Tuesday 04 September 2012 by John Hyde

Whistle-blowers who give evidence against colleagues suspected of misconduct may be offered a more lenient punishment for their own involvement under new Solicitors Regulation Authority guidelines. The regulator is this week expected to approve proposals to offer mitigation to witnesses who come forward.

In a report to the SRA Board, the regulator proposes entering in to 'co-operation agreements' with witnesses, even if they have had some involvement in the wrongdoing. This co-operation would then be formally recognised as mitigation and could lead to the whistle-blower having their case dropped or sanctions reduced.

The SRA will consider how promptly the witness came forward with evidence, whether they did so on their own initiative and what difference that testimony made to the investigation of serious misconduct.

The report says that some cases are difficult to prove without a witness close to, and possibly involved in, the matter. Co-operation by whistle-blowers, even at a later stage, could constitute 'serious mitigation', it says. 'We would rather solicitors and others working in the legal sector provided information late than not at all. Although we cannot guarantee that we will not take any action against you, bringing the information to us is likely to help your position considerably.'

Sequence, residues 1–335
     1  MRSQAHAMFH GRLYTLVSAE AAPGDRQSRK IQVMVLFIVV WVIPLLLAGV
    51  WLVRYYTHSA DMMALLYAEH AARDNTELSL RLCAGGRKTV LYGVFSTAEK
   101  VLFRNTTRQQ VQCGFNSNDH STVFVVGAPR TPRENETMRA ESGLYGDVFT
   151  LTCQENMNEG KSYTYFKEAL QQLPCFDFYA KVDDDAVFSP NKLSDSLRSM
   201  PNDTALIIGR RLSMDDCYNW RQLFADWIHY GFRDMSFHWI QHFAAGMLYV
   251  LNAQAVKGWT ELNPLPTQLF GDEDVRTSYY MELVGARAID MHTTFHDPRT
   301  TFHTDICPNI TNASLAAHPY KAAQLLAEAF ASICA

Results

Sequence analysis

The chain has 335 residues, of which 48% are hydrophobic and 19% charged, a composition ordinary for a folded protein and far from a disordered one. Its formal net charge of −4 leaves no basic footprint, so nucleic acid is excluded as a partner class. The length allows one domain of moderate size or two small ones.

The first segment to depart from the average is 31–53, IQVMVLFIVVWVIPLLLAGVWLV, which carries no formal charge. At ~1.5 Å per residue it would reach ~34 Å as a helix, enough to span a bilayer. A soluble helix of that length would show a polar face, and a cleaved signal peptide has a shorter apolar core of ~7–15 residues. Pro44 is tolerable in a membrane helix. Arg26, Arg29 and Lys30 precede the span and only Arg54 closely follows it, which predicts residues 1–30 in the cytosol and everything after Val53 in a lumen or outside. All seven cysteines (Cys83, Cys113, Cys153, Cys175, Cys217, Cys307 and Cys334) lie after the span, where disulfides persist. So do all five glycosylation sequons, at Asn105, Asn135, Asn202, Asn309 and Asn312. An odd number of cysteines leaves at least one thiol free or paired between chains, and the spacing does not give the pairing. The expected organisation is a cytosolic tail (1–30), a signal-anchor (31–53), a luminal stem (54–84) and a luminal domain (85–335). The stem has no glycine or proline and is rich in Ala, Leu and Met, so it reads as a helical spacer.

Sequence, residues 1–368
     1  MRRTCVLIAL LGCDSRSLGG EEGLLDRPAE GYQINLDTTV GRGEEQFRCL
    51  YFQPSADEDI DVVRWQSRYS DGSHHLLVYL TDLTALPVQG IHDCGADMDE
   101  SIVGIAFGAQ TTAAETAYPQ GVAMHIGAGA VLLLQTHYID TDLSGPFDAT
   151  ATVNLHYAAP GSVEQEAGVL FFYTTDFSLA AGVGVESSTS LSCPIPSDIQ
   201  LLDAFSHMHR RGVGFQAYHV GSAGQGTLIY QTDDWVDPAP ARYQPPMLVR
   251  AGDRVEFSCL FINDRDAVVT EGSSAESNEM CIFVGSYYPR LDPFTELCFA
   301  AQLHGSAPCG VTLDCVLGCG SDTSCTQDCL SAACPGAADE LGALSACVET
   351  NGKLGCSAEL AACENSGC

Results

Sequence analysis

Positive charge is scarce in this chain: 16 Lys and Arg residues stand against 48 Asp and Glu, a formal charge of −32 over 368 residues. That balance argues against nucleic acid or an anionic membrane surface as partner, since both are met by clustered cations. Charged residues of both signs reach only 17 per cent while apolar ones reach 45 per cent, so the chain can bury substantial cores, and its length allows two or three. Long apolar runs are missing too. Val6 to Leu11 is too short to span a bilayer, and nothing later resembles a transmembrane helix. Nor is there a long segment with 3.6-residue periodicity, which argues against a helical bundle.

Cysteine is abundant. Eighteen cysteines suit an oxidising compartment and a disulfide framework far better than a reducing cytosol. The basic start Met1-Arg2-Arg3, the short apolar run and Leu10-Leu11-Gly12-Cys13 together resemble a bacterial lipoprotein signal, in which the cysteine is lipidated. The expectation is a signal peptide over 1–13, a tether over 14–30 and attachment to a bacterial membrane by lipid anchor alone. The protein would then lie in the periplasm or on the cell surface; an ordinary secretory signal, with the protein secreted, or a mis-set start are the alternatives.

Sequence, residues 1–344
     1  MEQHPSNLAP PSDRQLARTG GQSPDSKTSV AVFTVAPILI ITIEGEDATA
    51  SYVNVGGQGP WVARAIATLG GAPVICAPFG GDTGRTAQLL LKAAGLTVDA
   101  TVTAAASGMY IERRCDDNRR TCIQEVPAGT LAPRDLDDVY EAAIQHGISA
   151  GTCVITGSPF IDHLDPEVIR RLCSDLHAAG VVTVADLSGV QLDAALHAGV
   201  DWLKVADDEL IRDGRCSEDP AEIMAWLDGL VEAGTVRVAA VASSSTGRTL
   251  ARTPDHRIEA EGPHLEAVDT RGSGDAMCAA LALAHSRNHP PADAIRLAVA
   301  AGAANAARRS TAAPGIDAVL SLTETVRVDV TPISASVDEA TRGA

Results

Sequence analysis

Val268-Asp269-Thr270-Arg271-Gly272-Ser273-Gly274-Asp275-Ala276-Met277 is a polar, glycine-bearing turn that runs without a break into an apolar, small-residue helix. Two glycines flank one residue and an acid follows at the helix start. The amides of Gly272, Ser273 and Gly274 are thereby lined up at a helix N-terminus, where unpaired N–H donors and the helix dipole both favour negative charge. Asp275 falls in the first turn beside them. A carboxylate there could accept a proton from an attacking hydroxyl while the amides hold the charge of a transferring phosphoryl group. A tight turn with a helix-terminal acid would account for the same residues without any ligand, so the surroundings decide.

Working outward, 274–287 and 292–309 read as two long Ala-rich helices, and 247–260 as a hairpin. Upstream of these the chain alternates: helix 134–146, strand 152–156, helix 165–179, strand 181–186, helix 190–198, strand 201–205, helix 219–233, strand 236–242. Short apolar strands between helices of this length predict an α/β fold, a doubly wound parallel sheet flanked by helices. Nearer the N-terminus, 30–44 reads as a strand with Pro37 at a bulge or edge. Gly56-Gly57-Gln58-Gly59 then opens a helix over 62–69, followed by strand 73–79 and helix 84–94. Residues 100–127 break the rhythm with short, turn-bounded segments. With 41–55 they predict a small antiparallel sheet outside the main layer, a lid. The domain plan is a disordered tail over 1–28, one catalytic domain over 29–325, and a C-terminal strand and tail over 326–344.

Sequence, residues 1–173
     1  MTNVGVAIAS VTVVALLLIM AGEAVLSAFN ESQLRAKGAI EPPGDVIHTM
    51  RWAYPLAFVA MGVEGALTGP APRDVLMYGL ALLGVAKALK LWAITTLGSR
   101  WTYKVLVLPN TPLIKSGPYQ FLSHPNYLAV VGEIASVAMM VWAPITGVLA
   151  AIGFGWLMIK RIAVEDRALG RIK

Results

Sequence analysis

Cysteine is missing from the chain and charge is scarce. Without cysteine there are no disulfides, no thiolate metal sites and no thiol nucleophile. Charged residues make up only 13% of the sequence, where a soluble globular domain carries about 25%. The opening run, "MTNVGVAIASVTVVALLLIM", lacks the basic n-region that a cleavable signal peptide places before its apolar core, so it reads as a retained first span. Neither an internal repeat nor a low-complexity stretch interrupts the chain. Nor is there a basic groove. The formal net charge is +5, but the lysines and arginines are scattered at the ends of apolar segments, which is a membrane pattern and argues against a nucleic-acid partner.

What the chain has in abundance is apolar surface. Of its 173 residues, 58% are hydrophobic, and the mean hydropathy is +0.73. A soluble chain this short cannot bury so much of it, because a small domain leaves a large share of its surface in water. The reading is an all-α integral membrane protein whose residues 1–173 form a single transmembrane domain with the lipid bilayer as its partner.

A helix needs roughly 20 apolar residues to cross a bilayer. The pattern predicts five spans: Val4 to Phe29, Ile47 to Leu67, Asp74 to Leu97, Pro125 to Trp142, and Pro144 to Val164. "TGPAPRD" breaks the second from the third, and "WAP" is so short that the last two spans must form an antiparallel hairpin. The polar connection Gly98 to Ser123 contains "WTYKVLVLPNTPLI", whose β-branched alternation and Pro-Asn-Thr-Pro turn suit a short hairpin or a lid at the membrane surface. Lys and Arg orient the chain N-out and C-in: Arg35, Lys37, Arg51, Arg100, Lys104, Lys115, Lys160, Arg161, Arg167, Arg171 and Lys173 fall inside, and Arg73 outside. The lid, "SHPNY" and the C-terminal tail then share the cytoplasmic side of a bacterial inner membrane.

The statements on co-operation agreements and whistleblowing have been agreed by the SRA's regulatory risk and compliance committees, while acknowledging the potential risks of incentives undermining reliability of evidence. The report asks board members for formal approval.

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